“And...?” Monica asked, knowing the answer.
“One guess for Mon.”
“Survey says... yes.”
“Ding! Ding! Ding! Number one answer,” Mer drawled, not making a very good Family Feud “ring” sound. The wedding wasn’t until the summer, or maybe the fall, Meredith said. But Monica and Marcus had just been added to the guest list, she promised. They said their goodbyes and hung up, both eagerly anticipating the face-to-face reunion on New Year’s Eve.
* * *
In Amoeba, Celeste picked up a new Nina Simone two-disc compilation and a Jimmy Scott disc for herself. Monica, Jessica and Celeste all paid for their purchases separately and then departed. Monica seemed to be the focus of a lot of creepy eye-popping stares while they were in Amoeba — particularly while she was browsing through the punk section — but she was getting used to that stuff. And just brushed it off as the price of fame. Whatcha need you have to borrow...
Well, she liked David Bowie fine. But that wasn’t the price of fame. And she knew that A-lad-in-sane had been snorting a whole lotta white powder back when he wrote those famous songs in the early 1970s that made up Changesonebowie, his greatest hits collection. Which she was sick to death of just ’cause she’d heard it so many times cruising around Los Angeles with her friends since the first one of them was old enough to drive. And the price of fame was a lot steeper than that song suggested.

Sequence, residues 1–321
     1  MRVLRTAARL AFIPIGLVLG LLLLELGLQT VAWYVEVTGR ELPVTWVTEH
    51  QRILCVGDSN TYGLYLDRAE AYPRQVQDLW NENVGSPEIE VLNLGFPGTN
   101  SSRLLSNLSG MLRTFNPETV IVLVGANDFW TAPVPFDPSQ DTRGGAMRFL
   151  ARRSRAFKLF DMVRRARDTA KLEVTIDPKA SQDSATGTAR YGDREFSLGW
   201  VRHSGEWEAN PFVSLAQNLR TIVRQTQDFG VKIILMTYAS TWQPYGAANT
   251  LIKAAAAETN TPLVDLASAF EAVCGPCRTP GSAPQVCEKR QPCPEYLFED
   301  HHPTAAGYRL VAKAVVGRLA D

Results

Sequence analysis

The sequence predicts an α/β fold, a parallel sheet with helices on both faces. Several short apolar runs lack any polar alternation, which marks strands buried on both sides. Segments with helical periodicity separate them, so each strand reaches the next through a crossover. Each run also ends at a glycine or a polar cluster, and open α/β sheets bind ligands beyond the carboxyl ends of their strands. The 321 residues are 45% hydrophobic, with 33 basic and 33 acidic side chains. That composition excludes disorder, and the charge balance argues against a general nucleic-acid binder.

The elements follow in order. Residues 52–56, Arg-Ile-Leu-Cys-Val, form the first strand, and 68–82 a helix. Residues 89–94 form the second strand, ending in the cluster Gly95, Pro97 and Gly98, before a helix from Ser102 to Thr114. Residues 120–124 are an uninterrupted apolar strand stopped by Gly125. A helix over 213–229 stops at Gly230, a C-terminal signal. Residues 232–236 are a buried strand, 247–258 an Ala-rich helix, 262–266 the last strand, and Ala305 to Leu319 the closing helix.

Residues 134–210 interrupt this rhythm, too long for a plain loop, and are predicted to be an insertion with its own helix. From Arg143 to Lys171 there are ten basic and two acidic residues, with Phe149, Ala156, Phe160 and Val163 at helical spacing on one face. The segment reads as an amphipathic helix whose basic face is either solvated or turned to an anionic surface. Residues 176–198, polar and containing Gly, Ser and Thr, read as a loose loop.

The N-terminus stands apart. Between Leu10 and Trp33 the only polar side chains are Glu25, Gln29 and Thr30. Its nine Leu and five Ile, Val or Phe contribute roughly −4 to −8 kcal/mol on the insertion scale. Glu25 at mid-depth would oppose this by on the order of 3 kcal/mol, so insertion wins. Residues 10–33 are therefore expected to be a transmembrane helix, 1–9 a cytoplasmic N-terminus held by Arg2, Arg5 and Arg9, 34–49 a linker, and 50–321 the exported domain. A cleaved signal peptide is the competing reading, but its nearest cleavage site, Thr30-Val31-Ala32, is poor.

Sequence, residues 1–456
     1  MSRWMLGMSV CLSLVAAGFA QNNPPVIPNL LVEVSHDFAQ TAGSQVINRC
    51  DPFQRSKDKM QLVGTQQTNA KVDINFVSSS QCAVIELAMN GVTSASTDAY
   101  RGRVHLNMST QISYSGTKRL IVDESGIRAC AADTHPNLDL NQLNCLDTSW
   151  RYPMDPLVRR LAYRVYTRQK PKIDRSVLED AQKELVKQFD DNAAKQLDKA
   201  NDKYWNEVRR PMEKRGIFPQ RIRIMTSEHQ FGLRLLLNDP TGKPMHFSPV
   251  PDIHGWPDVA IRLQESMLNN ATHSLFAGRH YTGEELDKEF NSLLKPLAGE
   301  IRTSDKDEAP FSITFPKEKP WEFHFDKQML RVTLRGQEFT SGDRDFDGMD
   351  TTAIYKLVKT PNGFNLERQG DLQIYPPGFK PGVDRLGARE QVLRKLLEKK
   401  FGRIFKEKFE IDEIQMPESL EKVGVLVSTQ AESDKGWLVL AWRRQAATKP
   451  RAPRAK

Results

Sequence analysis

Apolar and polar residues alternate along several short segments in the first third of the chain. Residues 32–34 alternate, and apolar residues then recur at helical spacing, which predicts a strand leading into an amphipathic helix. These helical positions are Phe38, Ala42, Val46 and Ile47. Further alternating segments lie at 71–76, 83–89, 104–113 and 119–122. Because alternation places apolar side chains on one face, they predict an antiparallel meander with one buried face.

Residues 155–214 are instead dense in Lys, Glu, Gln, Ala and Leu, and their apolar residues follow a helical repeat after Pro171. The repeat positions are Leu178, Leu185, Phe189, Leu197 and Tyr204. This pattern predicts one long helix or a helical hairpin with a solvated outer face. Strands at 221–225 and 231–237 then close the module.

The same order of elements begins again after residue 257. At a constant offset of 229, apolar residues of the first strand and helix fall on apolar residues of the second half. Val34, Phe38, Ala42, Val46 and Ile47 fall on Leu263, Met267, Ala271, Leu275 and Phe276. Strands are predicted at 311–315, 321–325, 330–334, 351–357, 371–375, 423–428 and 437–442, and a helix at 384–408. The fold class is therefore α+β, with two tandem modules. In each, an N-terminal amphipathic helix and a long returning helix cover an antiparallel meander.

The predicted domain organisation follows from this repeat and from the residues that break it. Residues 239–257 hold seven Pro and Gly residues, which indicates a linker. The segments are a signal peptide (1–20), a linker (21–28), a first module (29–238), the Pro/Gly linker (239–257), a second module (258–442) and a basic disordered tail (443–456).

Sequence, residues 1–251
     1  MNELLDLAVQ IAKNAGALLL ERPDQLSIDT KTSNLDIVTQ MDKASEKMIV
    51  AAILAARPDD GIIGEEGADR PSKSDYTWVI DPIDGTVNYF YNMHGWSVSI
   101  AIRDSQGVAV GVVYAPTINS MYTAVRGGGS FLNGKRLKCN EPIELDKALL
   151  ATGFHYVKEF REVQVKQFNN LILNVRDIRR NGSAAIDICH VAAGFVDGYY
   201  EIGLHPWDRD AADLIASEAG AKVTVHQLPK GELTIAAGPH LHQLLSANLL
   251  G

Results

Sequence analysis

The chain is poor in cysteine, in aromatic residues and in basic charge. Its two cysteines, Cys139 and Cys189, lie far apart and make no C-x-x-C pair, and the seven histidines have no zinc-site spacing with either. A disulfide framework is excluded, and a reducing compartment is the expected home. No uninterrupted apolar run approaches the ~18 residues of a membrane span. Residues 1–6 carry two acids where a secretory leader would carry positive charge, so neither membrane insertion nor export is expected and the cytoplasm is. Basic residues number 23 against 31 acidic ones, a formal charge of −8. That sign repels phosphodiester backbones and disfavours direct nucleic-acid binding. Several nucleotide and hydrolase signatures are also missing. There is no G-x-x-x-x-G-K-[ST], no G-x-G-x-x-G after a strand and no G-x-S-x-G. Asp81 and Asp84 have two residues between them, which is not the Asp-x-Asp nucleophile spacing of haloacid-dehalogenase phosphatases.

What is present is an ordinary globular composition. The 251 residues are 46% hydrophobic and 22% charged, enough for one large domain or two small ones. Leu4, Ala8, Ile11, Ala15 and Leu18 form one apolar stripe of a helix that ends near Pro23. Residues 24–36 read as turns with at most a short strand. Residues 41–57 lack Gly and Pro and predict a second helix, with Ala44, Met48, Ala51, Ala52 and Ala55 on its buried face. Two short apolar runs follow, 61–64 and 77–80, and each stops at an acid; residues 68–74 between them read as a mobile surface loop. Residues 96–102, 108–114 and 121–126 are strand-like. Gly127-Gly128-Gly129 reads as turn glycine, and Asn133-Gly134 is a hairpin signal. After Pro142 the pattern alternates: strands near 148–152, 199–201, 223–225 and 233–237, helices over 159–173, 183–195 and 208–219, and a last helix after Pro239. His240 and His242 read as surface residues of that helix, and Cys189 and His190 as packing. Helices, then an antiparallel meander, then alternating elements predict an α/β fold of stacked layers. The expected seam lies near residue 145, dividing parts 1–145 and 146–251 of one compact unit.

Is it any wonder, I reject your touch?
The first sign that something was rotten in the kingdom of Monica Getty was the sound of a punk song blaring out of black 1965 Ford Mustang convertible as Monica pulled her SUV out of the parking lot behind Amoeba. In the Mustang, a guy and girl were laughing, sharing a pack of Luckys, looking like dead ringers for Nick Cage and Laura Dern in David Lynch’s Palme d’Or winning Wild at Heart.